The latest climate-related press release issued by the USDA mentioned greenhouse gases only peripherally, calling them a “personal consideration” for farmers.

Since Trump took office, the administration has successfully rolled back the most significant federal effort to curb greenhouse gas emissions to date, initiated by the Obama administration. A recent New York Times analysis, based on research from Harvard Law School, Columbia Law School, and other sources, counts more than 80 environmental rules and regulations on the way out under Trump.

Among other requirements, factory farms no longer have to report emissions. Neither do oil and gas companies. In 2017, Trump announced his plan to withdraw the United States from the Paris climate agreement, although full withdrawal cannot happen until 2020. He also revoked an Obama executive order that set a goal of cutting the federal government’s greenhouse gas emissions by 40 percent over 10 years.

President Trump dark
The White House/Flickr

Of the 47 climate-related studies conducted by the USDA since Trump took office, 45 did not receive any promotion, according to the POLITICO report.

The studies focussed on the effects of climate change, rather than its causes, which is a contentious and overly political issue at this point. Instead of asking why CO2 levels are rising, USDA scientists focussed on what will happen when they do.

Each study was peer-reviewed and cleared by the non-partisan ARS. But that did not guarantee that any climate-related study, statistically significant or not, would be promoted by the current administration.

For example, one of the studies that the department refused to promote found significant evidence that rice loses nutritional value in a carbon-rich environment. That is a particularly important piece of information for 2 billion people around the world whose diet consists mostly of rice.

As CO2 levels continue to rise, the rice-based diet of millions of people will become increasingly less stable. But as pertinent as this study seems to be, the Trump administration refuses to draw attention to its findings and others like it because they demonstrate the negative impact of climate change on the agriculture industry.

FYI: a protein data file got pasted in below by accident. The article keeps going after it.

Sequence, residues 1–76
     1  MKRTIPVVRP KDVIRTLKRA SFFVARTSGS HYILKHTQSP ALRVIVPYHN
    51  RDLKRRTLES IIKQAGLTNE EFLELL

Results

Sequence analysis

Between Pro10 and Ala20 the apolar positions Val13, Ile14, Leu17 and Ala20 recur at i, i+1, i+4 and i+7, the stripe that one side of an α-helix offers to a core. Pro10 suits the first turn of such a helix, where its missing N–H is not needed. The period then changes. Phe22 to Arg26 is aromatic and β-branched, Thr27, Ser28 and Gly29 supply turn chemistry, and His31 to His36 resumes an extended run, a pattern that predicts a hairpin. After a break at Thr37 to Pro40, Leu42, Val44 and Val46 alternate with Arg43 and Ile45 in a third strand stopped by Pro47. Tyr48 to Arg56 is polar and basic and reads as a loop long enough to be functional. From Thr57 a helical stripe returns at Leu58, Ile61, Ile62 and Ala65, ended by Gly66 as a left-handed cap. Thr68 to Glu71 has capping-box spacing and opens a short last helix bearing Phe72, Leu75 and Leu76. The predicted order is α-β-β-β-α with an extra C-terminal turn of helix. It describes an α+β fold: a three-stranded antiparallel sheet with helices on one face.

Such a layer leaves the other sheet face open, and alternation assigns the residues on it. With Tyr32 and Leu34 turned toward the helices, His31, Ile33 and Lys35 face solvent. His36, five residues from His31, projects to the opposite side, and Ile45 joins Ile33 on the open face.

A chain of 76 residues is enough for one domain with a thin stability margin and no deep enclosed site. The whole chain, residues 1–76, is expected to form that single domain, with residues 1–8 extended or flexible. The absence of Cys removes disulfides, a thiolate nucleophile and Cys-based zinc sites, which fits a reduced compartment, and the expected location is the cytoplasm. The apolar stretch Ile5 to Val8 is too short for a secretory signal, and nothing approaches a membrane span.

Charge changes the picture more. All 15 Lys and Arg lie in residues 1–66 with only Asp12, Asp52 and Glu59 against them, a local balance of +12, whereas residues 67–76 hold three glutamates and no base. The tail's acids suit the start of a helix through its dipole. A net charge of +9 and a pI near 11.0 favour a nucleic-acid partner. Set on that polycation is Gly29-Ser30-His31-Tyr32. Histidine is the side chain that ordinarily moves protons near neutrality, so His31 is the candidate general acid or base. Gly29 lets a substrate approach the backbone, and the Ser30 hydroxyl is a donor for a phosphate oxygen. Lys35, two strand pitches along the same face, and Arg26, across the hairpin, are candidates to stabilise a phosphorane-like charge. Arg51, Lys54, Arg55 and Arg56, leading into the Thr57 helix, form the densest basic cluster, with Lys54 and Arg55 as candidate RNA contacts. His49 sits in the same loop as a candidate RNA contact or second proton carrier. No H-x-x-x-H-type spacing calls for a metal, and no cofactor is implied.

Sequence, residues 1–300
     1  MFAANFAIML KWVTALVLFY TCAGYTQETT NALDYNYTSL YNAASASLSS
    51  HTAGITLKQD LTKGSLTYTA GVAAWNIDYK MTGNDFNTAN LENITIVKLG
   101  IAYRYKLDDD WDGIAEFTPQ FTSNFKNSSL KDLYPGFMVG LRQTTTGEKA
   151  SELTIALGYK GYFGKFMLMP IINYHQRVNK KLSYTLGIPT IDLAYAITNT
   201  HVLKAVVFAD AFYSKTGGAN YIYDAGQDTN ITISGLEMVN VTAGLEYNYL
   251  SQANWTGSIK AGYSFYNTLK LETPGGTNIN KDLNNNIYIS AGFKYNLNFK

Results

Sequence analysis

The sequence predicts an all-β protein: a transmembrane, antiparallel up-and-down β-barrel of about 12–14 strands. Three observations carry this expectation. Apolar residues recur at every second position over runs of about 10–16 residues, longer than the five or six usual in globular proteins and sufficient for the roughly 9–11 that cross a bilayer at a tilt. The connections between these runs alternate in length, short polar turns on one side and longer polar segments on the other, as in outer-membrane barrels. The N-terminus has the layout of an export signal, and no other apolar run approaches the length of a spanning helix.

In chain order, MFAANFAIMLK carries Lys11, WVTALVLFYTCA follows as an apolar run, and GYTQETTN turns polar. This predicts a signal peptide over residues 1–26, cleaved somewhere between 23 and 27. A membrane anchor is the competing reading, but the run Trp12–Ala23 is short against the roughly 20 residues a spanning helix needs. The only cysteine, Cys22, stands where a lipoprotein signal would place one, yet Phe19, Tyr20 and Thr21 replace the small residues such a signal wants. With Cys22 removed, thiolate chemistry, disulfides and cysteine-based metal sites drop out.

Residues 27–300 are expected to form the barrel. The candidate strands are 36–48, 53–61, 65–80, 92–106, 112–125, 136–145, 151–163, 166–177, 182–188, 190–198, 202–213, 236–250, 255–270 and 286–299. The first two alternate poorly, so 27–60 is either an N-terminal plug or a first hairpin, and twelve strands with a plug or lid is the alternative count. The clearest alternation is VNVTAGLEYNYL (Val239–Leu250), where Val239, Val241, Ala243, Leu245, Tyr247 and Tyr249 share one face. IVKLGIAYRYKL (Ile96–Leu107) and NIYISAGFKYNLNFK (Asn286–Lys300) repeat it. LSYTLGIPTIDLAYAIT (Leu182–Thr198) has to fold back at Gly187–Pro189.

tractor farmer USDA

Unless the USDA’s findings favored the current administration’s deep ties to the agriculture industry, particularly animal agriculture, the department kept unusually quiet.

The following information was collected from a series of tweets explaining the nature of POLITICO’s recent investigation and shows just how damning the findings are for the Trump administration. Here’s how it went down.

A few months ago, POLITICO reporter Helena Bottemiller Evich caught wind of a big USDA study looking at how rising CO2 leads to a drop of nutrients, protein, minerals, and B vitamins in rice.

Evich spoke with a scientist who worked on the study and later told her that they suspected the USDA was going out of its way to avoid promoting the study’s findings.

This was a red flag for both Evich and the scientist she spoke with.

Curious, Evich starting calling other climate scientists. That’s when she heard about the “more subtle” ways the USDA was undermining its own work on climate change.

The department’s efforts to hide its own work on climate change go beyond the burying press releases. USDA blog posts and social media accounts show a clear pattern of avoiding the topic, according to Evich.

“Even the word ‘climate’ itself appears to have now fallen out of favor, along with phrases like carbon, greenhouse gas emissions, adaptation, and sequestration,” she wrote in the report.

road farm climate

After reviewing years of USDA press releases and conducting over 40 interviews, Evich concluded that while the department was continuing to pour resources into studying climate science, it was extraordinarily reluctant to publicize its work.

A department spokesperson told POLITICO that there have been “no such directives within the department that discourage the dissemination of climate-related science.”